I am, if nothing else, a planner. I think ahead, do my research, and put together an agenda, whether in my head or in written form, for just about anything. It doesn’t really matter if what I’m planning for is something life altering (like a career move) or something as frivolous as seeing a film. If I’m going to the movies, I plan ahead and figure out the what, when, and where just like I would if I was trying to determine a course of action regarding a major medical procedure. And when my plan gets derailed, I’m starting to believe that whenever possible, it’s better to just go home, reboot, and come up with another plan rather than forge ahead. In other words, the next time I head to the theater to see “The Help” and it’s sold out, I’m headed home to watch “24” reruns rather than going to see “Our Idiot Brother” instead.
“Our Idiot Brother” begins with Ned (Paul Rudd), a genuinely nice, simpleminded hippie making the unfortunate mistake of selling weed to a (uniformed) police officer. Eight months later, after being release from prison on good behavior, Ned finds that in his absence, his girlfriend (Kathryn Hahn) has left him and taken control of all his possessions, leaving him homeless and dog-less. Unsure of what to do with his life, Ned begins jumping from couch to couch, crashing with his sisters (Emily Mortimer, Elizabeth Banks, and Zooey Deschanel) and intruding on their assorted social and professional lives. Despite his good heart, Ned manages to wear out his welcome with each of his sisters and likewise, each of his sisters manage to let him down in some way or another, forcing Ned to come to grips with reality and make some tough choices.
On paper, the makers of “Our Idiot Brother” did a number of things right. They assembled an outstanding and diverse cast. It doesn’t seem possible that a film that features Rudd, Deschanel, Banks, and Adam Scott could fail. Rudd, while not what I would call a movie star, has shown the ability to carry a film and has wide ranging appeal. They kept the production budget extremely low ($5 million) keeping monetary expectations low. And they cut a set of outstanding trailers that pegged “Brother” as a fun but sensitive R-rated comedy that could be a breath of fresh air in a summer so heavily packed with less sophisticated comedies.
|Would you trust this guy with the direction of your film?|
Unfortunately, movies aren’t made by what you see on the IMDB profile. If you will allow me a generic sports metaphor, “that’s why they play the game.” From the outset, “Our Idiot Brother” is one uncomfortable misfire after another. Outside of Ned, none of the characters are likeable or relatable in the slightest, creating an immediate and awkward disconnect with the audience. They are also uncommonly shallow and one-dimensional and their relationships with one another reflect that, especially when the sisters are involved. The actors almost across the board seem somewhat lost and aimless which is (clearly) an indictment of director Jesse Peretz, best known for his work on “The Ex” (yikes). Rudd is able to create passable chemistry with a number of supporting actors (especially Scott and T.J. Miller), but his interactions with Banks, Deschanel, Mortimer, and Rashida Jones (who plays the girlfriend of Deschanel) range from unsatisfying to downright depressing. The way in which Ned is treated by his family occasionally strays into the territory of being cruel. Even so, the inevitable change, when Ned’s sisters realize how poorly they’ve treated him is too easy and too sudden to hit home, leaving the distinct taste of underdevelopment in the audience’s mouth.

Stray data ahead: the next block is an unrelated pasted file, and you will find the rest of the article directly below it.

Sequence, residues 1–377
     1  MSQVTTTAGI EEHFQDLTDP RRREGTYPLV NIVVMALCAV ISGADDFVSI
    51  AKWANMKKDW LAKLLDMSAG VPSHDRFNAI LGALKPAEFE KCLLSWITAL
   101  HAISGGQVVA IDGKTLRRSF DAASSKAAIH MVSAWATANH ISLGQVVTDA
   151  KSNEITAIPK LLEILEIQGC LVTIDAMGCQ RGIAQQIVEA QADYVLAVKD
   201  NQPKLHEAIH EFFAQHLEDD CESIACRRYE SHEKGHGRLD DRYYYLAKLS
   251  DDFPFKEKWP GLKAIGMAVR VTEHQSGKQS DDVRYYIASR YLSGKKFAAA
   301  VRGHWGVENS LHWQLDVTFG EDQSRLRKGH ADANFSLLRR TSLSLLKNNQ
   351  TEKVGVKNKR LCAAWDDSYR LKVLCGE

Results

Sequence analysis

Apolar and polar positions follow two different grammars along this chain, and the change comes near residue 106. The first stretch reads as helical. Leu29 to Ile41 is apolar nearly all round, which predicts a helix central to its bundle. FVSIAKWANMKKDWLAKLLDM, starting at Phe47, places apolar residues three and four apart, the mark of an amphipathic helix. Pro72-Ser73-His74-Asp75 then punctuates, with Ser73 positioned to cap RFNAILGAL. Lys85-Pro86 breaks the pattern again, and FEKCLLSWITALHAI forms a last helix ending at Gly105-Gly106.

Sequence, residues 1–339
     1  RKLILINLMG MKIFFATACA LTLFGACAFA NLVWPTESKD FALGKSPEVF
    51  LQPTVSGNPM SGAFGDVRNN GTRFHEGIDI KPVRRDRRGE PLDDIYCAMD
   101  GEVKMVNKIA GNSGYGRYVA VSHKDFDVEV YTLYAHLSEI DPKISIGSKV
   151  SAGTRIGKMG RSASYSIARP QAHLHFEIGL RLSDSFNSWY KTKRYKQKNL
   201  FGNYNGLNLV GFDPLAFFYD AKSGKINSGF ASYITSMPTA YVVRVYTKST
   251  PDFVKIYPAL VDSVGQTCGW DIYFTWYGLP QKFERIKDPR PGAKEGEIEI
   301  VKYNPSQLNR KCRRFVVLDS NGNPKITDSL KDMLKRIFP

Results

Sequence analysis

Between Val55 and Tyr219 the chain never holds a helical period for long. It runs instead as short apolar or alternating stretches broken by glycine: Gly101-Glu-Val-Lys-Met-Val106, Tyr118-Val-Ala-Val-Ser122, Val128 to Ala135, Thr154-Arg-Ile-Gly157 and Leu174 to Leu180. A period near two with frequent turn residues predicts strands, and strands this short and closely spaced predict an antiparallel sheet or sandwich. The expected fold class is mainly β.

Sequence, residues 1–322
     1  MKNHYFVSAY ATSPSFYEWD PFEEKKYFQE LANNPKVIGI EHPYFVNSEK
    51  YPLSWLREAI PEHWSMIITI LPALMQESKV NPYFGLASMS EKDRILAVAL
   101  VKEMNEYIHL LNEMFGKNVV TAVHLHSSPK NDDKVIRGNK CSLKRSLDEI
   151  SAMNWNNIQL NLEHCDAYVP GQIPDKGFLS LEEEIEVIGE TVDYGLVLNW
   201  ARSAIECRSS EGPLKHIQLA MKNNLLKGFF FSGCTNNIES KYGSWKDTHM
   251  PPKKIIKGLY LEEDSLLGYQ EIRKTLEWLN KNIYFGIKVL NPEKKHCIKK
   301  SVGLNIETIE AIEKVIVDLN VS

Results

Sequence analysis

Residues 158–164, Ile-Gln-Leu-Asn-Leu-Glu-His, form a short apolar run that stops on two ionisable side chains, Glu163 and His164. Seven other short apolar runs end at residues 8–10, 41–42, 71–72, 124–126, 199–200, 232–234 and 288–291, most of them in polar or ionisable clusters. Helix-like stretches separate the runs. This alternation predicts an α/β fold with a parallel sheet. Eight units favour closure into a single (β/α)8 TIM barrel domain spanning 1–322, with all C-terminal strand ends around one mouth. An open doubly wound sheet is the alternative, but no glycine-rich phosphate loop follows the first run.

Still, the greatest crime “Our Idiot Brother” commits is its overall lack of humor. I must be honest: I’m an easy laugh. I like dark comedy, physical comedy, witty comedy, and stupid comedy. I’m the guy you want in the room when you’re telling a joke because the odds are stacked in your favor in terms of getting a laugh. So I think it’s a bad sign when I can sit through a comedy without having a good hearty laugh or two and “Our Idiot Brother” didn’t provide that. I wasn’t alone in my laughlessness, either. I cannot remember seeing a true comedy that elicited less laughs from the audience as this one did. It was almost silent in my theater as one “joke” after another failed to land. It was a truly uncomfortable situation for us all and I felt like everyone in the room had the same thought: “So…when is this going to get funny?”
Without question, Paul Rudd is the best part of “Our Idiot Brother” and his performance is solid enough. But the film falls apart around him scene by scene. In the end, you’re just left to wonder what the point of all this is in the first place. I really wanted to like this film but it simply is not smart, is not funny, and is not quirky enough to recommend.
I just created the word “laughlessness”,